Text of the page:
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GPBlog's Top 50 drivers in 50 days - #4 - Lewis Hamilton

GPBlog's Top 50 drivers in 50 days - #4 - Lewis Hamilton

11-03-2020 19:00

Hello and welcome back to GPBlog.com’s countdown of our top 50 F1 drivers of all time. We’ve been ticking off one driver every day in the build-up to the first race of the 2020 season in Australia this weekend. We’re now down to the final four and the four left could almost be in any order. We had Juan Manuel Fangio at number five but in at four is someone plenty of you would have top of the pile, Lewis Hamilton.

Hamilton is top dog in F1 right now, being the dominant force in the last thirteen seasons, winning a race in every season he has been active.

He burst onto the scene in 2007 with McLaren, partnering champion of the two previous seasons, Fernando Alonso.

A podium in his first race started an incredible run, finishing in the top three in his first nine races, including wins in Canada the USA.

He led the title with two rounds to go after victory in Japan, but couldn’t get over the line after finding the gravel trap on pit entry in China and encountering problems in Brazil, allowing Kimi Raikkonen to pip him by a single point.

He had another tight fight in 2008, this time with Felipe Massa. Both had taken five wins heading into the final round, and it looked like Massa would take the title with victory at his home race, only for Hamilton to overtake Timo Glock with just a few corners to go and send his garage wild.

Hamilton stayed with McLaren for four more seasons, taking occasional wins but never finishing higher than fourth in the standings. He made the surprising move to Mercedes in 2013, replacing Michael Schumacher.

The partnership only yielded one victory in 2013, in Hungary, but the move was made worth it after rule changes for 2014. Hamilton and Nico Rosberg were so far ahead of the field, they won all but three races between them.

Rosberg had a 29-point lead following the race at Spa-Francorchamps, but Hamilton went on one of his now trademark runs, taking wins in the next five races. He rounded off the title with victory in Abu Dhabi for his second championship.

2015 was pure Hamilton domination, leading every round and securing the championship with three rounds to go.

2016 was more complicated, Rosberg started the season a different animal, winning four races on the bounce. Hamilton retaliated, scoring four consecutive victories of his own over the mid-part of the season.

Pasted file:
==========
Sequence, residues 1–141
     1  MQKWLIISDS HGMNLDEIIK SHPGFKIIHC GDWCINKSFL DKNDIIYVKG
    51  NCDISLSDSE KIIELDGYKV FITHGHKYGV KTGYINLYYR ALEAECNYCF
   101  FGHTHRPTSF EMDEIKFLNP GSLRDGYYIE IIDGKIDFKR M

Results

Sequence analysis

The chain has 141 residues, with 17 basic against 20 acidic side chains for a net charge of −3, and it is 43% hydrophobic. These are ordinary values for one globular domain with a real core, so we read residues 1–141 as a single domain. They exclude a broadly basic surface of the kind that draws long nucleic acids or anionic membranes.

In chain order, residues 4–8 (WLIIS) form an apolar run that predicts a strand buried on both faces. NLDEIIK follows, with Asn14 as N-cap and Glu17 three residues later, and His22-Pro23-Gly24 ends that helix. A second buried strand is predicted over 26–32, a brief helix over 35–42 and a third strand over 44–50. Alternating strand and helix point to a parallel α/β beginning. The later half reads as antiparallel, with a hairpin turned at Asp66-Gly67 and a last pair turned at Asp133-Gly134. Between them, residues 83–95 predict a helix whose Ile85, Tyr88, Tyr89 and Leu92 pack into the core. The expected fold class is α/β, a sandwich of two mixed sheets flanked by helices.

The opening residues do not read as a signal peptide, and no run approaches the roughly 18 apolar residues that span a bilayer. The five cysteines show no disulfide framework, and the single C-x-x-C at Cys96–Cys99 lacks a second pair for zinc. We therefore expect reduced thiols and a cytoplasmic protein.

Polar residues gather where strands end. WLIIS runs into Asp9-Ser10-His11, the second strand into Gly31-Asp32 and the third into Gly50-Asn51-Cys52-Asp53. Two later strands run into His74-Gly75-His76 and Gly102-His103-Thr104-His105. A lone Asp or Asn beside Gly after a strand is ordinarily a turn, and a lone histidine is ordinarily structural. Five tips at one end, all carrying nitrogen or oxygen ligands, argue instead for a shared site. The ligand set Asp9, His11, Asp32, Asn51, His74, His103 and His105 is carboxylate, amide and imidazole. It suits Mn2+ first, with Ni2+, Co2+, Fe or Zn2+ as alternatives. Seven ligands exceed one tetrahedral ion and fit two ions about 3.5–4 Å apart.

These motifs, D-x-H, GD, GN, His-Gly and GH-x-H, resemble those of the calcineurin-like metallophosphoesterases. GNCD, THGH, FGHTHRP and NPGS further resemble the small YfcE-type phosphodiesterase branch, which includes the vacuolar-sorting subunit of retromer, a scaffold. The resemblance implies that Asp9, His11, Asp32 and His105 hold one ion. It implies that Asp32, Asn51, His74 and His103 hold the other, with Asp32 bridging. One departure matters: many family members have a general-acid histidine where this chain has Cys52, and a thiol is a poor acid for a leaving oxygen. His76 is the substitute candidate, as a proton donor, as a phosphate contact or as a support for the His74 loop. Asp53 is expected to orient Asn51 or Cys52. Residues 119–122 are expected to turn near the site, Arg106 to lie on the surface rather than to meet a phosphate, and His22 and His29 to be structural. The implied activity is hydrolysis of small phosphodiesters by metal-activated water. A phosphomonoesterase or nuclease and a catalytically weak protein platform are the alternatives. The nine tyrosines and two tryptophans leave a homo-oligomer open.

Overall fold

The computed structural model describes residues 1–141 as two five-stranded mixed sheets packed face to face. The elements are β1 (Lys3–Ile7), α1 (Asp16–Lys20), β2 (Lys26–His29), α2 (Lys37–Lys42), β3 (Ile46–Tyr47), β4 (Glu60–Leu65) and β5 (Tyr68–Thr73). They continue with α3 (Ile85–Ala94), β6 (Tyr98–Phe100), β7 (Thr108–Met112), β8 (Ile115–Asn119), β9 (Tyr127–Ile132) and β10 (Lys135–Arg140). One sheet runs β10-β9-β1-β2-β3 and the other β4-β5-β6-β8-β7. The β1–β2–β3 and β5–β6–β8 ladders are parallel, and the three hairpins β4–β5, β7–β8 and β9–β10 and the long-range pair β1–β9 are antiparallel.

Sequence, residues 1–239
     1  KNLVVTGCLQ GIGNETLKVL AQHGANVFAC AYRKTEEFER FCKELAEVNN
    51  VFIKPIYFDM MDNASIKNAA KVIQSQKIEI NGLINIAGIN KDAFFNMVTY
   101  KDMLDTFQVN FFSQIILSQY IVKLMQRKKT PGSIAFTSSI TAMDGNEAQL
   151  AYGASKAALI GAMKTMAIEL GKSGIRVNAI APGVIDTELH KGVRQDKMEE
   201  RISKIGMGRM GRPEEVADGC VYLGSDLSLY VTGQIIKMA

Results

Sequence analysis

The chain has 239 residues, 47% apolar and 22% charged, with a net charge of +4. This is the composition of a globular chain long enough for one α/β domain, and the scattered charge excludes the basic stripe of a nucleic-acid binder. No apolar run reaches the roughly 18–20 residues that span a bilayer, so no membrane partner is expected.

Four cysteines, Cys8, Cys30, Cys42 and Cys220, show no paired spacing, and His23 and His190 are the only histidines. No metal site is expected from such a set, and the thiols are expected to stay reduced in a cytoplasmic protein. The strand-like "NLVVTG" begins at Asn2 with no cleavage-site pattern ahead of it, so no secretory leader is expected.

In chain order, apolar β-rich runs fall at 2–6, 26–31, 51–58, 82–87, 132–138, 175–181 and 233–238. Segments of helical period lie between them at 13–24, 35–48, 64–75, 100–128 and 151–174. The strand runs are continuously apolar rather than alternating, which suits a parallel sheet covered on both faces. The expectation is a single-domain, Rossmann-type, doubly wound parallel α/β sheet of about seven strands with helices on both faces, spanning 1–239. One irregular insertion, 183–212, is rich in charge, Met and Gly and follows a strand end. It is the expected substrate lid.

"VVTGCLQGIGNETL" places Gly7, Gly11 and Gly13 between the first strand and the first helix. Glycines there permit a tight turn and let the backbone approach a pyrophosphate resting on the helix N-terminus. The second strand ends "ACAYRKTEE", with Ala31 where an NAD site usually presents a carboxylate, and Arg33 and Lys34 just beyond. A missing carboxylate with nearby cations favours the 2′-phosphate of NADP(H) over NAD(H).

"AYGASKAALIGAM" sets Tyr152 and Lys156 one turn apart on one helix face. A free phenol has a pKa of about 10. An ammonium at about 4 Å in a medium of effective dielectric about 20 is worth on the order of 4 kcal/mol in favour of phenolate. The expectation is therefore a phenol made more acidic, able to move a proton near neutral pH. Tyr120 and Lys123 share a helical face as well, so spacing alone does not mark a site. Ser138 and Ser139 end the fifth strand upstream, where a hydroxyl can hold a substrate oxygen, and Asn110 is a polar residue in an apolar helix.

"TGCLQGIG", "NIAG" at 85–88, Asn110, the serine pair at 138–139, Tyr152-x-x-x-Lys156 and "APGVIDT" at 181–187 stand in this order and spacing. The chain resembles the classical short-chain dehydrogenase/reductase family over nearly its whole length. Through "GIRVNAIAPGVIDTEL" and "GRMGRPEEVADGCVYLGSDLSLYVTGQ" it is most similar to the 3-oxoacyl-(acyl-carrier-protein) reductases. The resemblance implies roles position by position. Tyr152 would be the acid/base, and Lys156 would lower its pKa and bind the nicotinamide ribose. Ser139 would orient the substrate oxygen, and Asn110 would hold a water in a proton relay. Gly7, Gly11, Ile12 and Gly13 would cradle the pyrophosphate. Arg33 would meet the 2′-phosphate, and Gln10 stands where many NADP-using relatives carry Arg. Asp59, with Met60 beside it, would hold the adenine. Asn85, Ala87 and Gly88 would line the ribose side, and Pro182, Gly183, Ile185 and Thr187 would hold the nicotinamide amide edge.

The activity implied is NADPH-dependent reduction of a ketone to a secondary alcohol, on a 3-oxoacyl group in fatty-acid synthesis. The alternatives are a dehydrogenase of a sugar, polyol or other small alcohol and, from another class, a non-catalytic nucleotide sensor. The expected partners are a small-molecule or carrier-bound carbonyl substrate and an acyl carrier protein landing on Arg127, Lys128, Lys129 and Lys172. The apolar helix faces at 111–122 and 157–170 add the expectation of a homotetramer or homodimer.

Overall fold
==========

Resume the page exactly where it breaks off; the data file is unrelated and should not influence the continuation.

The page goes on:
The two were locked in battle for ascendency when Hamilton’s engine failed in Malaysia, and then following a Rosberg win in Japan, it was all against Hamilton.

The Brit won the final four races, but with Rosberg following him home for second at every event, the title went to the German. Rosberg retired just a few days later and was replaced by Valtteri Bottas.

Bottas wasn’t Hamilton’s main competitor in 2017 though, with Ferrari’s Sebastian Vettel challenging.

Vettel held the title lead but Hamilton came roaring back following the summer break, winning five of the next six races as Vettel got into trouble.

2018 was similar, with Vettel leading again at the mid-point. The Ferrari man then went off the boil a bit, making mistake after mistake as Hamilton flawlessly won eight of the last 11 races to take title number five.

Bottas picked his game up for 2019, but Hamilton showed his superior talent to dominate once again, securing his sixth title in the USA.

Hamilton’s statistics are frankly ridiculous. With six titles and 84 wins, he could easily break Schumacher’s records in the next couple of seasons.

Whether you like him or not, Hamilton’s raw ability has to be admired. His raw speed, race management and ability to wring everything out of the car makes him one of the greatest ever, with his achievements some of the best we have ever seen in the sport.

Come back in a few years and he could quite easily be even higher. He certainly deserves his sport amongst the legends of Formula 1.

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